By Peggy Fikac
June 4, 2013
AUSTIN – For much of the regular legislative session, Gov. Rick Perry was most notable by his relative silence. He declared no emergency items, he gave a state of the state speech that did not even mention abortion, and lawmakers appeared unafraid to target him.
By session’s end, he looked a bit more like the 800-pound gorilla Texans have become used to, as he weighs a political future that could include a run for re-election, another presidential race, both or neither.
A bill targeting his security costs on political trips, which prompted him to have a come-to-Jesus meeting with its author, died. So did a proposed constitutional amendment for term limits, seen as a referendum on his more than a dozen years in office.
Efforts to provide health care to more people under the federal reform law – whether characterized as Medicaid expansion or not – withered under his opposition.
Perry saw passage not only of a widely supported water package, but a big share of the less-enthusiastically embraced tax relief he demanded. He vetoed a bill on political donation disclosure vilified by some conservative advocates, and his veto pen does not run out of ink until June 16.
He called lawmakers back into a special session on the politically thorny issue of redistricting, with the power to add whatever else he likes to the agenda.
It is a good reminder of what friends and enemies agree on: It is a mistake to underestimate Perry.
“People should never discount Rick Perry. He has been counted out before, but he always gets up off the mat,” Sen. Dan Patrick, R-Houston, said while acknowledging that Attorney General Greg Abbott would be a formidable opponent if he decided to take on the governor.
Perry not commenting
Few expect it to come to that, thinking it more likely that Perry will decide against a re-election bid or that Abbott will aim at the spot held by Lt. Gov. David Dewhurst if Perry goes for another term at the top.
“If you asked me three weeks ago if I thought he was running for governor again, I would have said ‘no’ without hesitation. I’m just not ready to say that any more,” Democratic strategist Harold Cook said.
Perry will not say what he plans to do, with the special session giving him reason for not announcing yet.
“I’m not thinking about anything past the next 30 days,” Perry said Friday.
If Perry launches another bid for re-election or even president – the latter viewed by some as beyond a long-shot – some suggest the businesslike regular session could be more of an asset than the red-meat portfolio he carried into his first run for president after the Legislature approved measures that included a pared-down budget and a requirement for women to have sonograms before getting abortions.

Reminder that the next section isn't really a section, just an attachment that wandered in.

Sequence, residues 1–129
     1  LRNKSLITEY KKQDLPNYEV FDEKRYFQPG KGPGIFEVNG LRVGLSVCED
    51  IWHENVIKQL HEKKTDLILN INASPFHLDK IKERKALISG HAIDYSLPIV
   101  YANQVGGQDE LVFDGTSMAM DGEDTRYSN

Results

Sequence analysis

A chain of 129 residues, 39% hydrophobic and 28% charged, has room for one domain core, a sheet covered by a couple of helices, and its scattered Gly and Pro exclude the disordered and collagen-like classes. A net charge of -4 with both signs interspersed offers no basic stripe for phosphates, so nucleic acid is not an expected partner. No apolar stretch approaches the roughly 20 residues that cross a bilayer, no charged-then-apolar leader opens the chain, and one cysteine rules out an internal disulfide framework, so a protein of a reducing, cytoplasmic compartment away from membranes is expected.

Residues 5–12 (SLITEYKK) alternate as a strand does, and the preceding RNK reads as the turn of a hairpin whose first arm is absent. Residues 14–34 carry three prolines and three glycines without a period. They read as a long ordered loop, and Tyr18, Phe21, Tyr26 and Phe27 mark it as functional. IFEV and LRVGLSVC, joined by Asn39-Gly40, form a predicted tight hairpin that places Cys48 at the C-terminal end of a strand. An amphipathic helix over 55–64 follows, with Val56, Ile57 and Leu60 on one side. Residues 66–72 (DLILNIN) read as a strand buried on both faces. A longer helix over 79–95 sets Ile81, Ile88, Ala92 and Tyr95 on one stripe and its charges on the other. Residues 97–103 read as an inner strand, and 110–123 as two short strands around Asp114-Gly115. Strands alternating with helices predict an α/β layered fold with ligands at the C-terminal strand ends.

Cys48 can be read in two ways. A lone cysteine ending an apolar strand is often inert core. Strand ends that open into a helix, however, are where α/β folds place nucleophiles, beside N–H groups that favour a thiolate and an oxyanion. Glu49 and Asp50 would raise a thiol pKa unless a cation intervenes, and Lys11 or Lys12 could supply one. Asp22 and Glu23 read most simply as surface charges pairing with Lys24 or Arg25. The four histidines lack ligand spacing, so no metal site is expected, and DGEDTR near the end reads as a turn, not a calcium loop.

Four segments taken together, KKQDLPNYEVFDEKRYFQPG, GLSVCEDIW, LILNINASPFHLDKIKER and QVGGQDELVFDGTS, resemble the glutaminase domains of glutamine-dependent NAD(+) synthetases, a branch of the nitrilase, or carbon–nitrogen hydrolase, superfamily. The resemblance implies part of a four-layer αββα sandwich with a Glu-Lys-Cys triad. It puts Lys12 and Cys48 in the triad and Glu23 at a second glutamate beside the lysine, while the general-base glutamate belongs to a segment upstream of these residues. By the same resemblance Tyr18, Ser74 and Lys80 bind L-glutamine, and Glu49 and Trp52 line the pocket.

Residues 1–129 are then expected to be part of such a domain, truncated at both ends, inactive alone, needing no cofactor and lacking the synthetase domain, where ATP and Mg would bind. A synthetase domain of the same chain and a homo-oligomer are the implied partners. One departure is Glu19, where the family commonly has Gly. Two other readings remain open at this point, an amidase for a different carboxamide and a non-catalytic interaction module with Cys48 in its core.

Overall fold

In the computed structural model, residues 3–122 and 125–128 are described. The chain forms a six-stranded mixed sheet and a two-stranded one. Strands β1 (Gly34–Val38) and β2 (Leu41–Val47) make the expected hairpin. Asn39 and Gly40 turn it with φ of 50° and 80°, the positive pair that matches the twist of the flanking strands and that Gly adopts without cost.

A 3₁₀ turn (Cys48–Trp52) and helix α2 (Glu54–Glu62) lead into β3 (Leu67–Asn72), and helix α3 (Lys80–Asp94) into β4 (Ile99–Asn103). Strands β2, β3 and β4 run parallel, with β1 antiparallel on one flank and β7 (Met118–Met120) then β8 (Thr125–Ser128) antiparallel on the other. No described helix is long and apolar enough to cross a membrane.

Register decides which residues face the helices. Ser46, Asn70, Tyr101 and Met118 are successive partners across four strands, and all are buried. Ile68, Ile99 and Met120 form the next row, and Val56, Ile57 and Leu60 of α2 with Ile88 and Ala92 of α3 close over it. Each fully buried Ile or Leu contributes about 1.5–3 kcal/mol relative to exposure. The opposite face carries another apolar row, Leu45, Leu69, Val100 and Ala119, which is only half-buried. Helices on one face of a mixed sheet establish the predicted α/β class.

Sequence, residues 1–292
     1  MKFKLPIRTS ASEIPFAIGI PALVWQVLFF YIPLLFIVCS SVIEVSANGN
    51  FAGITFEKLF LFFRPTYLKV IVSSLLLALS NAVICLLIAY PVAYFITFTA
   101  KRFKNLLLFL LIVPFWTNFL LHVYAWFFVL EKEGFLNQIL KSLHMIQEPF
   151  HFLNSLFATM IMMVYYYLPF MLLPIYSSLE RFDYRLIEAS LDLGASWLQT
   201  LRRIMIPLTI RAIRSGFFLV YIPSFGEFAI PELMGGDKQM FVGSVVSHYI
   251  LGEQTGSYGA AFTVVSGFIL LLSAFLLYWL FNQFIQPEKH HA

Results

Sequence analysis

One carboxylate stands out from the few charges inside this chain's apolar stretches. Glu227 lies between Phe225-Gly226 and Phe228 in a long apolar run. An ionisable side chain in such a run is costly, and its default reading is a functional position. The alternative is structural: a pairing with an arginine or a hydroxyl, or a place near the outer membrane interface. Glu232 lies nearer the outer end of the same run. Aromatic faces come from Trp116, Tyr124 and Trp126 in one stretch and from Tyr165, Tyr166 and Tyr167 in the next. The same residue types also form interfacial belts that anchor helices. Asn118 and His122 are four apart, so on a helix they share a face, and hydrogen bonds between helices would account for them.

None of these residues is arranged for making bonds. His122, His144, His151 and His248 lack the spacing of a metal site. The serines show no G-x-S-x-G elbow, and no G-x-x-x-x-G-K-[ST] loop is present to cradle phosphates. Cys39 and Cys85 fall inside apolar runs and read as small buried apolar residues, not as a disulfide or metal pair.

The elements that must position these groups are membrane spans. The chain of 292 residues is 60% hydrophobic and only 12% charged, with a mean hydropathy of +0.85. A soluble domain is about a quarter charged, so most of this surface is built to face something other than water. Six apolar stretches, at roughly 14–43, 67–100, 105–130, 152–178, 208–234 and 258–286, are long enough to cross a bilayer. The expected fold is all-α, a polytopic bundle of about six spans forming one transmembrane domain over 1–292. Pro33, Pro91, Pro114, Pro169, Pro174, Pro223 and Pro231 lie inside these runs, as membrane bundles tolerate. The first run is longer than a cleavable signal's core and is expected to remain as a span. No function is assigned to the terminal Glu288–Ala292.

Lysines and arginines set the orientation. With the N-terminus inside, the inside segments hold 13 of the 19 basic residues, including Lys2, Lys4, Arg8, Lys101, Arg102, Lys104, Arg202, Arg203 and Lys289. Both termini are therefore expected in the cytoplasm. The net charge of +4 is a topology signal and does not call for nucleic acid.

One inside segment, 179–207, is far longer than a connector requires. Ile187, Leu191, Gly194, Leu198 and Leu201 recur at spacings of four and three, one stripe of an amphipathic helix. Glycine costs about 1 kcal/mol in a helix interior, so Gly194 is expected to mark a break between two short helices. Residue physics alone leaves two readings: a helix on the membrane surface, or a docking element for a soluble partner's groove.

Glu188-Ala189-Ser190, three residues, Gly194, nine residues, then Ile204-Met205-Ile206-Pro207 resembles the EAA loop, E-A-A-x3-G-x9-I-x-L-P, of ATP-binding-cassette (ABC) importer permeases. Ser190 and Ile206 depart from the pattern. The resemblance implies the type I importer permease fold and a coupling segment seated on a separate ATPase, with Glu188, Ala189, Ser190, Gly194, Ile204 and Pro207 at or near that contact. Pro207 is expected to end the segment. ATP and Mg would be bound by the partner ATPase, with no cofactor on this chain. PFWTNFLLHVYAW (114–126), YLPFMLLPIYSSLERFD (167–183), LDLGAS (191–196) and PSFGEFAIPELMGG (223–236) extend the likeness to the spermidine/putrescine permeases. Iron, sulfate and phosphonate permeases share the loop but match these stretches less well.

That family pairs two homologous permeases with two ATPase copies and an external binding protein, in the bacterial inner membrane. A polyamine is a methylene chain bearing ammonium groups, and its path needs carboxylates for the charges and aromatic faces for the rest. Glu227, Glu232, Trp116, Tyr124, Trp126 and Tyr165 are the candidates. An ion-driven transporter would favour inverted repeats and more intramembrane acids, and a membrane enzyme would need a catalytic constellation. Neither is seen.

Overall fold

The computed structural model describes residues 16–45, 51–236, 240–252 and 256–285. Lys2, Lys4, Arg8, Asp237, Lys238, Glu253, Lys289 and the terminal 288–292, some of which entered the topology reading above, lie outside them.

Aided by longevity
“I think he played it right if he’s thinking about running for the presidency. He didn’t get involved in any controversies,” said Sen. Judith Zaffirini, D-Laredo, who added that his résumé should not be underestimated.
“Under no circumstances is he the typical governor. He is probably the most powerful governor in the history of the state of Texas, and that is because of his longevity – the fact that he has appointed every member of every commission, board and council that requires advice and consent of the Senate, and then some,” Zaffirini said.
James Henson, director of the Texas Politics Project the University of Texas at Austin, said Perry had “a reasonably successful session, allowing for the fact it was much less ambitious and he had much less of a leadership role than he did last time.”
Citing Perry’s veto power and control over the special-session agenda, Henson said, “Now is when we’ll kind of find out how well he’s done this session.”
GOP consultant Matt Mackowiak said what Perry prevented happening in the session is as important as what passed, citing in part the death of the political disclosure bill and Medicaid expansion. Mackowiak said he thinks it is more likely Perry will run for president than re-election, but added, “I think he’s unpredictable right now.”
Rep. Lyle Larson, a San Antonio Republican who pushed bills to rein in the cost state taxpayers bear for security on political trips and allow for term limits, lauded Perry despite the pushback he got from the governor over the proposals.
Larson said he saw Perry act in a way reminiscent of Gov. George W. Bush, who was known for a charm offensive that included frequent contact with lawmakers. “He’s been a kinder, gentler governor,” Larson said. “I think that’s worked in his favor.”